Cover crops, no-till, perennials: How they compared on soil health impact

Tuesday, April 06th, 2021

Ohio State soil researchers Steve Culman and Christine Sprunger have analyzed soil health and management data from around 900 Ohio farm soil samples. The samples were collected during various on-farm research projects in the last few years, including about 200 from organic operations.

The Culman and Sprunger labs have looked for relationships between soil health metrics and the corresponding soil type, sampling depth, and management practices. Below are a few quick highlights and opportunities to learn more.

Management Impacts on Soil Health

The study suggests that the most effective way to increase microbial activity and other soil health indicators was to include perennials in the crop rotation, especially for multiple years.

Organic growers will be happy to hear that, so far, cover crops appear to be a better soil health building strategy than no-till. That’s not to say that tillage is good for soil health. More complex crop rotations and increased tillage showed a negative effect on organic matter and microbial activity.

Culman cautions that this is “noisy” data based on observation, not a side-by-side controlled study, nor is it a comprehensive sampling of soils. More work is definitely needed. Some of this future work will look at aggregate stability (a measure of soil physical health), compare the soil health impact from different types of tillage, and compare organic vs. conventional practices (for example, the effect of organic vs. synthetic fertilizers). The researchers are also interested in ways to decrease tillage passes in an organic system.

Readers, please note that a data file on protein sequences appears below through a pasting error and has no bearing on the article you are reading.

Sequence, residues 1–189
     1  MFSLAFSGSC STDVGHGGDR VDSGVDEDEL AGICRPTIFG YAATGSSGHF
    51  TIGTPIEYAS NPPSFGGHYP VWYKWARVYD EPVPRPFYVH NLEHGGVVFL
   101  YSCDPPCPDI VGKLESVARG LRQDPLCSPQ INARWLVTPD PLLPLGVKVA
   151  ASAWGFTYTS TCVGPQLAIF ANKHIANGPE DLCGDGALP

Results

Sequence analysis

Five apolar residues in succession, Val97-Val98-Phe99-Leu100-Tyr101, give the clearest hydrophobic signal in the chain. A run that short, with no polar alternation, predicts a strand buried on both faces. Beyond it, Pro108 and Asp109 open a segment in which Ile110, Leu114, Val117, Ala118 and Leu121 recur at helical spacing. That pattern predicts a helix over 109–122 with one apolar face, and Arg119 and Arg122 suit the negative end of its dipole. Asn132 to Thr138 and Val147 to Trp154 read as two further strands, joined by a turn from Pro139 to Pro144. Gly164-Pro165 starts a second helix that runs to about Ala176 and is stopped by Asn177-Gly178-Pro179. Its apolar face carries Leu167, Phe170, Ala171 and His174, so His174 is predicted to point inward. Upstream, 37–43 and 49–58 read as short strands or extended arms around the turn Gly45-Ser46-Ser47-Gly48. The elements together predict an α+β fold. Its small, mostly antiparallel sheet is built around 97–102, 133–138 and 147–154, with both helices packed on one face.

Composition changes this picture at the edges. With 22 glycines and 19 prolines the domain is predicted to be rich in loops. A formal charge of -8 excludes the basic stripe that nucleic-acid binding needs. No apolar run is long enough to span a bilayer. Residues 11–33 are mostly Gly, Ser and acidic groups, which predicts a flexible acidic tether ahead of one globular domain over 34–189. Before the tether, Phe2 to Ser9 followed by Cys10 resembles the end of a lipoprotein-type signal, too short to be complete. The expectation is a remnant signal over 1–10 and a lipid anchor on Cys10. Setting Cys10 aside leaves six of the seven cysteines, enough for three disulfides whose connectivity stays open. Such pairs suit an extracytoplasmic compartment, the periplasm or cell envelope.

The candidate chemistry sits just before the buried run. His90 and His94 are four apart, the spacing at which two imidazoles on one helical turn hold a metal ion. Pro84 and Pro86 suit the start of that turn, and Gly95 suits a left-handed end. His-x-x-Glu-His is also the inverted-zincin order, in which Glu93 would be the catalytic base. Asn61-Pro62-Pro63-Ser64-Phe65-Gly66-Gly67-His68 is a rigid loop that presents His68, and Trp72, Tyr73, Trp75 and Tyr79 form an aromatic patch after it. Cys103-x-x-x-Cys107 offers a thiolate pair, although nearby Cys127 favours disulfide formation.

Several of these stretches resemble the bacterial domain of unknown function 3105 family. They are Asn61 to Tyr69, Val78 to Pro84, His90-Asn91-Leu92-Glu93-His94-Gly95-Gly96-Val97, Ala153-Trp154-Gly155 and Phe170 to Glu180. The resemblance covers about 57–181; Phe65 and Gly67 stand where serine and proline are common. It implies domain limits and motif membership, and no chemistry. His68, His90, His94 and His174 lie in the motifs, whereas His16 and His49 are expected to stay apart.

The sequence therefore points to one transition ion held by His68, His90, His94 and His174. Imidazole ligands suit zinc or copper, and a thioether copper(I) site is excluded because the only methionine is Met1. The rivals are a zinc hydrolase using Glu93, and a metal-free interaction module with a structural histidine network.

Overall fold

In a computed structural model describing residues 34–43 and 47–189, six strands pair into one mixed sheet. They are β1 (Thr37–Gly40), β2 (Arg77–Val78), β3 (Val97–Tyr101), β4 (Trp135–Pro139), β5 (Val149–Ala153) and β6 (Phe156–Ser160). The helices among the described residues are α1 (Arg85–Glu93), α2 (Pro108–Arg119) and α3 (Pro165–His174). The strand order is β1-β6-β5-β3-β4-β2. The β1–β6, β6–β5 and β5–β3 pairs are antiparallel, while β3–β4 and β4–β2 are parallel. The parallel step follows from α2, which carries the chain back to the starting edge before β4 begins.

BELOW: Results from Ohio soil samples survey. The blue trend lines show how years in no-till or years in cover crops related to soil health metrics that measure organic matter, microbial activity, and soil structure. Source: Soil Health Survey Across Ohio Farms, Ohio State eFields Report 2020, pg 224.

Results from Ohio soil samples survey. Source: Soil Health Survey Across Ohio Farms, Ohio State eFields Report 2020, pg 224.

Emerging Tests for Soil Health

As farmers and consumers focus increasingly on soil health, there is a growing need for better soil health measurements. Data from these on-farm soil surveys is helping to further this goal as well. 

Standard soil tests include a total organic content measure, but most organic matter in the soil is not available to plants. Recent research also suggests that total organic matter changes very slowly over time and is probably not the best tool if you want to track how new management practices are impacting soil health.

Ohio State’s soil labs have been evaluating soil health tests for accuracy, for their value in management decision-making, and for cost and turn-around time. The goal is to recommend useful tests to commercial labs so that these can be offered directly to farmers, along with information about state averages, ranges, and how the test values vary with soil type.  

Get Involved

It's important that organically managed soils continue to be part of this sampling project. Ohio State will collect soil samples again in 2021 as part of eFields – an agronomic crops program to conduct and share on-farm research. Contact your local extension educator or email digitalag@osu.edu for more details on getting your soil sampled for this statewide study. Individual soil test results will be shared with participating growers.

Learn More

April 6, 2021 - 10:44am -- brown.1844@osu.edu

Add new comment

CAPTCHA
This question is for testing whether or not you are a human visitor and to prevent automated spam submissions.
4 + 5 =
Solve this simple math problem and enter the result. E.g. for 1+3, enter 4.